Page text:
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Our History

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In 1839 with fewer than five hundred people of color residing in the City of Detroit, the seed for Bethel African Methodist Episcopal Church was planted and nurtured by fifty Black Detroit citizens known as “The Colored Methodist Society”. The Detroit Common Council, known for encouraging religious worship activities, donated a site on Congress Street near Woodward Avenue for the Society to meet. A few weeks later a second building on Hastings and Coghan (Monroe) Streets, was donated.

The Colored Methodists Society chose to be governed by the principles of the African Methodist Episcopal denomination and on May 10, 1841, they became the founding members of Bethel A.M.E. Church.  Later that year, the congregation moved to Fort Street, near Beaubien, to a building formerly known as Military Hall. In 1847, the growing congregation built a new edifice on Lafayette and Fort Streets for $2,300 and in 1889, constructed a new house of worship on Napoleon and Hastings Streets for $24,500. Over time, the Colored Methodist Society became a part of the workings of the Underground Railroad. In 1871 Ebenezer AME Church emerged from Bethel to become the second AME Church in Detroit.

By the early 1920’s, Bethel’s membership had flourished to over 2,000 and so had its influence within the Detroit community. Bethel offered the use of their facility not only for worship, but as a forum for prominent speakers and advocates. It served as a concert hall for popular entertainers and a meeting place for community and civic organizations. For the third time, the people of Bethel purchased property for $40,000 on the corners of Frederick and St. Antoine Streets erecting a spacious new edifice with an adjacent parsonage. The $250,000 structure was dedicated on June 7, 1925.

In 1930, under the pastorate of Rev. William H. Peck, The Booker T. Washington Trade Association was founded in Detroit. The association dedicated itself to supporting and promoting African American businesses, businesspersons, and other professionals. In addition, the Fannie B. Peck Credit Union, the first Black state-chartered credit union, in the United States, was chartered and successfully served the members of Bethel for 79 years.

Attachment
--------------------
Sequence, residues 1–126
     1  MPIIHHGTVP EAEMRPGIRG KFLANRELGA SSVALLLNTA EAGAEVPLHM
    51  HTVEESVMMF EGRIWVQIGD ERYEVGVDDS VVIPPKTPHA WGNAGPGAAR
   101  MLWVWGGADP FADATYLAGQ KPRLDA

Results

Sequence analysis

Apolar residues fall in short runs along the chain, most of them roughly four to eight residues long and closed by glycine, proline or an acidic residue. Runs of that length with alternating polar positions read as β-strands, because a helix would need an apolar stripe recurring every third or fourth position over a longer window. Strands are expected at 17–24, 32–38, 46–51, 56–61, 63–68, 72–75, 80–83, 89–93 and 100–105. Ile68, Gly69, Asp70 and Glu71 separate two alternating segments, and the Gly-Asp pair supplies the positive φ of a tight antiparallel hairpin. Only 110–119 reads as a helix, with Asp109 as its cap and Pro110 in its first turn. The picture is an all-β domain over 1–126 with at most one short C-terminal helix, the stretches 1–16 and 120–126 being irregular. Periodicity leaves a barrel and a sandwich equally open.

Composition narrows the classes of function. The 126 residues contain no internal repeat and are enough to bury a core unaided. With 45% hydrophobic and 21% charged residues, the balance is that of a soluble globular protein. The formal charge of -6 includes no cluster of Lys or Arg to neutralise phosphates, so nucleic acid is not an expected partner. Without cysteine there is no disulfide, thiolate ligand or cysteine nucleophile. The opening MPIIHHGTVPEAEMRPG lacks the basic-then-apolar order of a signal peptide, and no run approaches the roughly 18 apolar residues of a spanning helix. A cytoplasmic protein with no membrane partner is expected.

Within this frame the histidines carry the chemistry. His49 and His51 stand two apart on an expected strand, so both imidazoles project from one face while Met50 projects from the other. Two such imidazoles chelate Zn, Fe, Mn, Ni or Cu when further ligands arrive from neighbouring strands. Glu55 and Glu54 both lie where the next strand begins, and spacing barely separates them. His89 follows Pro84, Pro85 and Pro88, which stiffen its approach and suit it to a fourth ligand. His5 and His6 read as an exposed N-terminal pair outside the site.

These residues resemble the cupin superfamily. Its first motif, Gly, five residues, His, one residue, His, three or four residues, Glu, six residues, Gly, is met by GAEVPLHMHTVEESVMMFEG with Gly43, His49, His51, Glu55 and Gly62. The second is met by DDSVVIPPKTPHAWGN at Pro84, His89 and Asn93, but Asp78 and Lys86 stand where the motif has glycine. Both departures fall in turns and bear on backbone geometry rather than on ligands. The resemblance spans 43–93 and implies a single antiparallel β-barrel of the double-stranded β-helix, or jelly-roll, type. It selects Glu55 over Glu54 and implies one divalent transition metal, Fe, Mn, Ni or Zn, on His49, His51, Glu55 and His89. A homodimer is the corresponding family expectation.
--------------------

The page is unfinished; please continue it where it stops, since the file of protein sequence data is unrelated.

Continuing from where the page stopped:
In the early 1970’s, Detroit city planners chose to construct a boulevard cutting through the middle of the Frederick and St. Antoine property. Bethel’s congregation, under the leadership of Rev. Maurice Higginbotham, secured a prestigious and more visible site bordered by East Warren Avenue, I-75 (Chrysler) Freeway, and St. Antoine (Richard Allen Boulevard). In December 1974, Bethel’s current modernistic structure, designed by the renowned Black architect Nathan Johnson, was dedicated at a cost of $1.5 million.

Bethel continues to remain a beacon in the City of Detroit and stands prominent in its rich history. Bethel has participated in community outreach ministries including The Wilberforce Club, the Interfaith Youth Dialogue project with Temple Emanuel-El, Bethel Enrichment Summer Team (B.E.S.T), BAMEC Square Dancers, Nurses Guild, Angel Tree project, Food and Friendship, Zeta Phi Beta’s Stork’s Nest, Alcoholics Anonymous, Charles H. Wright Museum of African American History, NAACP, Agape (Liturgical) Dancers, the William H. Peck Scholarship Committee, Noel Night, Health Fairs, The Ministries Beyond the Wall Ministry, The Hope Ministry, Forgotten Harvest and much more! 

With 182 years of existence, Bethel A.M.E. Church has a long, rich, and impressive history, producing one Bishop, three Presiding Elders and has nurtured scores of men and women who were called into the ministry. 

Under the leadership of our current pastor, Rev. David R. Jarrett, Sr., Bethel A.M.E. Church is committed to serving the parishioners and community with the spirit of God’s love! We look forward to growth, to extending our hearts and a helping hand to those who will come and to a newfound resurgence of what God has in store for Bethel.

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